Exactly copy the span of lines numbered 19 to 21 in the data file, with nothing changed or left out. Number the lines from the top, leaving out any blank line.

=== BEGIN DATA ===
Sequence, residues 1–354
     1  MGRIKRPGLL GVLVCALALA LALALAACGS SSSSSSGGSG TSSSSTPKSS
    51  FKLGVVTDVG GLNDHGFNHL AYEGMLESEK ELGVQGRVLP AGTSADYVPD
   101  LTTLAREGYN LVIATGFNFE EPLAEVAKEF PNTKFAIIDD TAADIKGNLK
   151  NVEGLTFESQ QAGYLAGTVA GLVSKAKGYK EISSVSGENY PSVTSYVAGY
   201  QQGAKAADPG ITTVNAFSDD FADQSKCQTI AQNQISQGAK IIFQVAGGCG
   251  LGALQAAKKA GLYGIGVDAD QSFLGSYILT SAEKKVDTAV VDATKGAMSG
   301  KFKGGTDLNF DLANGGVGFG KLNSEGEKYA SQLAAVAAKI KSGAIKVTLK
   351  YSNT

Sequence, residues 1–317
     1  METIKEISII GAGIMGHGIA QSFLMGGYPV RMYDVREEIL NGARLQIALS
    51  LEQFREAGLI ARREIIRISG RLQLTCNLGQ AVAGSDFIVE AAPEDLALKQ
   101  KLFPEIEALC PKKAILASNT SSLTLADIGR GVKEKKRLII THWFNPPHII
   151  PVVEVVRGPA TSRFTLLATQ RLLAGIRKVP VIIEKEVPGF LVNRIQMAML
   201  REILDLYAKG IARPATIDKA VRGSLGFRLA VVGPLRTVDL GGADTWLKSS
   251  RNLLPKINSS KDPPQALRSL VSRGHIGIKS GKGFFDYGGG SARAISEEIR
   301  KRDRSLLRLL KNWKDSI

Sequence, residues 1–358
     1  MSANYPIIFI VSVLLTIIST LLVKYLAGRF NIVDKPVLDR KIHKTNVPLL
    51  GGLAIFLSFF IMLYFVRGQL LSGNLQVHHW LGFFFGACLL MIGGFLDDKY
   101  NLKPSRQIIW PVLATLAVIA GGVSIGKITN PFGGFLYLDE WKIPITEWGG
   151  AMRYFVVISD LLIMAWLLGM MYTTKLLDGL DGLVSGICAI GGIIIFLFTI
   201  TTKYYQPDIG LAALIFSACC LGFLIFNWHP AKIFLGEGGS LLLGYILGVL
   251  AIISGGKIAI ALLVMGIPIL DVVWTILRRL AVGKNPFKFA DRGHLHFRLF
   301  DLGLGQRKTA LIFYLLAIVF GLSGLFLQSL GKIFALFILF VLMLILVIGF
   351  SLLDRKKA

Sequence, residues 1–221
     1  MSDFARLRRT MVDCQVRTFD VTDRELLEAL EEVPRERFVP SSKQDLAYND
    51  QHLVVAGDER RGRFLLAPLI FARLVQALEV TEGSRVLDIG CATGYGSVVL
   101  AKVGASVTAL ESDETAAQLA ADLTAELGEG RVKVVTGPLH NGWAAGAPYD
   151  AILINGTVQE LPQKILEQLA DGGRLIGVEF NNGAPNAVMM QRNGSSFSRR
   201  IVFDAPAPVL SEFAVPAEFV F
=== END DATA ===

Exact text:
     1  MSANYPIIFI VSVLLTIIST LLVKYLAGRF NIVDKPVLDR KIHKTNVPLL
    51  GGLAIFLSFF IMLYFVRGQL LSGNLQVHHW LGFFFGACLL MIGGFLDDKY
   101  NLKPSRQIIW PVLATLAVIA GGVSIGKITN PFGGFLYLDE WKIPITEWGG